Friday, October 7, 2011

Money Ball


Rick and I went to see the new movie Moneyball this week. For those of you who do not know its story, here is a short synopsis: Bill Beane, the Athletics GM, is forced to go out and gather a competitive Athletics team on the year following an ALCS appearance. When asking for more money to secure his big name players, Beane is told by Stephen Schott, the new A’s owner, that no more money is forthcoming. Jason Giambi, Johnny Damon and Jason Isringhausen are now too expensive to sign. They are gone. He has to find a way to be competitive with the same money. The focus of the movie is all about how to win in an unfair game.

To win, Billy Beane turns his attention to a new and little used set of statistics called Sabermetrics (Society of American Baseball Research), to find undervalued players who can get on base. This system was developed and promoted by Bill James and others. Large market teams, like the Yankees and the Red Sox, can just buy the players they want. Small market teams claim they cannot compete with that kind of cash needed to buy big name free agents. What Billy Beane does is to find others who can contribute to the team for less money. He finds undervalued, but solid, players who can get on base by walk or hit (OBP) and make the opposing pitcher use lots of pitches to do it. For pitchers, Beane looks for those who throw first pitch strikes and have a low WHIP (Walk and Hits per Inning Pitched). It’s not so much about saving money as spending what you have where you need it. All of us who follow baseball closely now rely on these types of stats. Pitchers with a low WHIP are effective and hitters with a high OBP are going to get on a lot, ninety feet at a time. With certainty, so Beane says, "We try to create a situation where we're the casino. It's like how an actuary would set insurance rates. Predictability, predictability, predictability.” It’s boring, but apparently effective.

In the movie, the Athletics have just lost in the ALDS to the Yankees in 2001. Beane steals a guy from the Indians who is the fictitious Peter Brand. Brand, in the movie, is the stats guru. In reality, the character is Paul DePodesta, who actually played baseball in school and indeed did graduate from Harvard with an economics degree. He was already with the Athletics in 1999. The Brand character is the one who has the ready information on each player that Beane chooses. The move to sabermetrics creates conflict with everyone on the staff who has traditional baseball values in mind. This new style of scouting players is totally different than the traditional way. These conflicts get to the heart of the matter in the movie and heads roll as the plans Beane has are not put into action as he wanted by the unbelievers. But things change and the famous 20-game win streak (after a very poor start) is the highlight of this drama.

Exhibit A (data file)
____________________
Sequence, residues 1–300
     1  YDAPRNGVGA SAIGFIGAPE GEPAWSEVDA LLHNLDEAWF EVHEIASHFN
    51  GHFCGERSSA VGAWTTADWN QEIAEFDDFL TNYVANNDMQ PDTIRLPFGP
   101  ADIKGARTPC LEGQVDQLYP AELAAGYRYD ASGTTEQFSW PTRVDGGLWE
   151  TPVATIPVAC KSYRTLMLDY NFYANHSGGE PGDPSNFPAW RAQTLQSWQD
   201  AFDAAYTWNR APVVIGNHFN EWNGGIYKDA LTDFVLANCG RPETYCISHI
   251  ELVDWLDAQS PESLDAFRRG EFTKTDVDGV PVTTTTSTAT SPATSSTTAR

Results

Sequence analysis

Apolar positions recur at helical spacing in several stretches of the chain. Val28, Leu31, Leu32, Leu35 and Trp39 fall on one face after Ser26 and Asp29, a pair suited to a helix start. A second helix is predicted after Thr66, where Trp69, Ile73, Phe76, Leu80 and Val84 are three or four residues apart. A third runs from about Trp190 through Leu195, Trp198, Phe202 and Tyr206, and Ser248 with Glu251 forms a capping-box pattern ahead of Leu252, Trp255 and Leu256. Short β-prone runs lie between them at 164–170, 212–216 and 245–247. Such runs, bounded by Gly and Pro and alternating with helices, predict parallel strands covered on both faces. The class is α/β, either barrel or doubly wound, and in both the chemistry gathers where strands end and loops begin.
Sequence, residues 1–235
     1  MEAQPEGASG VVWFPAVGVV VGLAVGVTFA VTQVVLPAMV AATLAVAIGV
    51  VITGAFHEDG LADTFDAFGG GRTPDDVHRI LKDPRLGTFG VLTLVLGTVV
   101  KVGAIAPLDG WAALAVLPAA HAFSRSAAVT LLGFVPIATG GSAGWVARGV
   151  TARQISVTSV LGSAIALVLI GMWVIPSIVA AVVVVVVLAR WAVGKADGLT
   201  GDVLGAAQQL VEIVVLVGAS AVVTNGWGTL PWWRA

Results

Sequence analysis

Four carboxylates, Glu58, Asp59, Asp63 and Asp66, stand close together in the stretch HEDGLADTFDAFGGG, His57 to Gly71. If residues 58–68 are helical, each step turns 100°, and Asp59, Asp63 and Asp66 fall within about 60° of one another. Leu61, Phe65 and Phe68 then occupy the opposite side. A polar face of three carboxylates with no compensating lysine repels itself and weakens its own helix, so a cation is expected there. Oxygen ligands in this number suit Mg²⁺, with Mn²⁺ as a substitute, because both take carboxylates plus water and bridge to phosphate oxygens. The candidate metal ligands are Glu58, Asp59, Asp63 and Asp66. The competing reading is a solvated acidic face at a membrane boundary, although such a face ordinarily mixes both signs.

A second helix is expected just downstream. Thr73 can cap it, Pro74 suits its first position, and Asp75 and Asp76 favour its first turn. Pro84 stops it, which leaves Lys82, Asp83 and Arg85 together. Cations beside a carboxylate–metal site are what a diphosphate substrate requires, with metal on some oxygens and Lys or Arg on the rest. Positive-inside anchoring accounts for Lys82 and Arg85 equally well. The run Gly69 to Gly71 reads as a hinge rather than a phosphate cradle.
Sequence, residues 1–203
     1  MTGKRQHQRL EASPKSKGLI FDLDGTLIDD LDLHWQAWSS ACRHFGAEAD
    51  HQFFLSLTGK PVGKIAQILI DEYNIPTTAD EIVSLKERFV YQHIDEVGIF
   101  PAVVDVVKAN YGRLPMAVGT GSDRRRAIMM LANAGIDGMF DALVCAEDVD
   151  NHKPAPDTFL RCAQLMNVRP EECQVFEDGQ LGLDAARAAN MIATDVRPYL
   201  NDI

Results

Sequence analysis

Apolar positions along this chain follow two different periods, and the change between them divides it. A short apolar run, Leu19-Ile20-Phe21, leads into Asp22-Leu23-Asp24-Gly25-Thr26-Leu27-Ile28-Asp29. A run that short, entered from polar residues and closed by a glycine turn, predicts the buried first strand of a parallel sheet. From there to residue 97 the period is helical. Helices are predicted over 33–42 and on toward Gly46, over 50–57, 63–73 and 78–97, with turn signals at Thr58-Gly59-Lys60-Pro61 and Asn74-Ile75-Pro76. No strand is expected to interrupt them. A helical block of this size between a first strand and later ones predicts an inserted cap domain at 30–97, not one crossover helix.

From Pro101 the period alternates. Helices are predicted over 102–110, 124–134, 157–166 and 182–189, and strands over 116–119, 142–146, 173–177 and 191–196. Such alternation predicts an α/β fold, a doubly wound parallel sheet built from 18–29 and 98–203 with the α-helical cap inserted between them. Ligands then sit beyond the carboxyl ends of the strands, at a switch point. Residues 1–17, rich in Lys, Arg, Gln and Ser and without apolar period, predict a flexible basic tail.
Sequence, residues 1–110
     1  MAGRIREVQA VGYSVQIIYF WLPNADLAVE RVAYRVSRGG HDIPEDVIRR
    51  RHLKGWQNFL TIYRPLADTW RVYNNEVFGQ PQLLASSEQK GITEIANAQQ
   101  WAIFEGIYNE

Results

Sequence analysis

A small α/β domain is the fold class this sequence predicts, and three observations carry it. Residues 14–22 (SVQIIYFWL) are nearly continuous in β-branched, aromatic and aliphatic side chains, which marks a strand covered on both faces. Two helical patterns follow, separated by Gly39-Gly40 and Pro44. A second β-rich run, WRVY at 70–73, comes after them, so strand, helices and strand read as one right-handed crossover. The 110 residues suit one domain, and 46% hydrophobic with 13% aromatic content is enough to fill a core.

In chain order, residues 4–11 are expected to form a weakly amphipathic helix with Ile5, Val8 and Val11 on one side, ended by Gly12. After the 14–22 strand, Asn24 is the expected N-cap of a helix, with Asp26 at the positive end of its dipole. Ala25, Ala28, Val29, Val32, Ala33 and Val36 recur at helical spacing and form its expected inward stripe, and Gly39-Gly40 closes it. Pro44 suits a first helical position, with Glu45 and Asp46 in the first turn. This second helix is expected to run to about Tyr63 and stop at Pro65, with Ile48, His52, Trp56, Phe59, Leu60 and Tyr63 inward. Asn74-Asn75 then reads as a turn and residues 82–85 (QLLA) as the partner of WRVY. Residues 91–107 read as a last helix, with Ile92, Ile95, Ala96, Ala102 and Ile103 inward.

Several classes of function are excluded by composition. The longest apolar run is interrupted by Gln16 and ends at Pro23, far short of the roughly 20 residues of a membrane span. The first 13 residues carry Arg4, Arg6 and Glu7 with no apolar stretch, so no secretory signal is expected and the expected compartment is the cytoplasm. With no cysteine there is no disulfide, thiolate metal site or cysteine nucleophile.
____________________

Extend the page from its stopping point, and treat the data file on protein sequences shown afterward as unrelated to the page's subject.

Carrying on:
The Athletics have yet to win a World Series using sabermetrics. They have a positive win/loss record but have not been over .500 since 2006. It could be said that increased use of sabermetrics by other clubs has significantly reduced the number of undervalued players out there. If everyone is doing the same thing, well, then you have to do something else. I wonder what will figure in the statistics next? What will it take to equalize all the money to make the game fair?

This premise for a movie is pretty dry (dealing with statistics) and could have been. With Brad Pitt and a good script, the movie has plenty of drama and the time just flies by as this true story unfolds. There was lots of real baseball talk and action. It was fun to watch and relevant to baseball today. Go see it!

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